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((Voice Over))
Welcome to the presentation titled “VYXEOS® (daunorubicin and cytarabine) Clinical Data.”

VYXEOS is indicated for the treatment of adults with newly-diagnosed therapy-related AML or AML with myelodysplasia-related changes.

VYXEOS has different dosage recommendations than other daunorubicin and cytarabine-containing products. Do not interchange with products containing these ingredients.

Do not use in patients with a history of serious hypersensitivity reactions to cytarabine, daunorubicin or any other components of VYXEOS.

This segment is presented by Sara Tinsley, a nurse practitioner from the H. Lee Moffitt Cancer Center and Research Institute in Tampa, Florida. She will be reviewing the phase three trial in adults for VYXEOS, the first chemotherapy approved for adults with newly-diagnosed t-AML, therapy-related acute myeloid leukemia or AML-MRC, acute myeloid leukemia with myelodysplasia-related changes.

((Sara M. Tinsley, PhD, ARNP, AOCN))

The FDA approval came from this Phase 3, multicenter, open-label trial. We were a part of that.

So, I got early experience treating patients with VYXEOS. You may know if you're a trial coordinator, it was CPX351 -- so, that was the name that it was given in the clinical trials.

You can see the study schema here. It was comparing patients in this Phase 3 trial, it was adult patients; they had to be 60 to 75 years of age; and remember, the FDA approved this for adults, and they didn't limit it to the 60 to 75 age range.

But in this study, this is what the eligibility criteria included.

They had to be previously untreated. You had to think they were able to tolerate intensive chemotherapy, and have a good performance status 0 to 2. VYXEOS is given on 1 and 3 and 5. And you can see that liposomal combination…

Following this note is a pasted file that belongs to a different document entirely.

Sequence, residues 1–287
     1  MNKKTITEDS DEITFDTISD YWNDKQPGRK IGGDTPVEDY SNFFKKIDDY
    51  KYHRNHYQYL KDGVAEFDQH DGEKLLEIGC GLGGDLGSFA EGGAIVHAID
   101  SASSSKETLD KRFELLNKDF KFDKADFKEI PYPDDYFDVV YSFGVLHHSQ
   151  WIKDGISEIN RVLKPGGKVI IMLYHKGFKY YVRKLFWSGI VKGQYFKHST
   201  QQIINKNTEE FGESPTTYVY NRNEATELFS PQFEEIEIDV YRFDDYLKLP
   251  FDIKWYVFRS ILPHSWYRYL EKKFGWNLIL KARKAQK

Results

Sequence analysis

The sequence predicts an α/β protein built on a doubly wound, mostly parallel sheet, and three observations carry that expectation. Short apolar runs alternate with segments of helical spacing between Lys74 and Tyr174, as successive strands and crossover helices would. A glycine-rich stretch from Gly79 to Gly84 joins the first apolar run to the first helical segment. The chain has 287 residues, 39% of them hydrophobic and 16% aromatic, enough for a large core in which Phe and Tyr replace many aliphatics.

…is 44 milligrams to 100 miligrams per meter squared, and those come in a vial where they're together.

And then it was compared to 7 days of cytarabine and 3 days of daunorubicin, our conventional 7+3. So, that's what they were induced with.

And then, if they didn't achieve remission, they got a second induction, but the VYXEOS was given on Days 1 and 3, still the 44 milligrams per [sic] 100 milligrams per meter squared. And then, on the alternate arm, it was 5 days of cytarabine and 2 days of daunorubicin.

For consolidation, you'll note in the purple box at the top right corner, that the milligrams for VYXEOS and the number of days differs. For consolidation, which is 1 to 2 cycles, it's 29 mg/65 mg, a different combination on Days 1 and 3; and for consolidation in the other arm it was 5 days of cytarabine and 2 days of daunorubicin. And we were looking for an improvement…

…in overall survival -- that was the endpoint of the trial -- primary endpoint.

This illustrates what led to the FDA approval. This is exciting news for our patients.

The top line is the VYXEOS survival, which was 9.6 months median survival, compared with 7+3, which was 5.9 months survival.

So, that was statistically significant. When your curves separate, that's a difference; so, the VYXEOS was the winner in this case, and that's why we're here talking to you about it.

For the Kaplan-Meier estimated 1-year survival, it was 42% for the VYXEOS-treated patients, and only 28% for patients who were treated with 7+3.

This is illustrating, again, the percentage of patients who achieved CR. Purple, again, is VYXEOS, 38%, compared to 7+3, which is 26%.

And I didn't tell you the numbers -- you can see them at the bottom -- but 58/153 and 41/156.

And then the patients who were able to, rate of having a hematopoietic stem cell transplant, 34% in the VYXEOS arm, and 7+3 there was only 25%. And this could be, as many of you are aware, you have to really get a good response to your treatment to be able to proceed to transplant.

So, if you're having a better reduction and better treatment of your disease, this slide makes sense to me.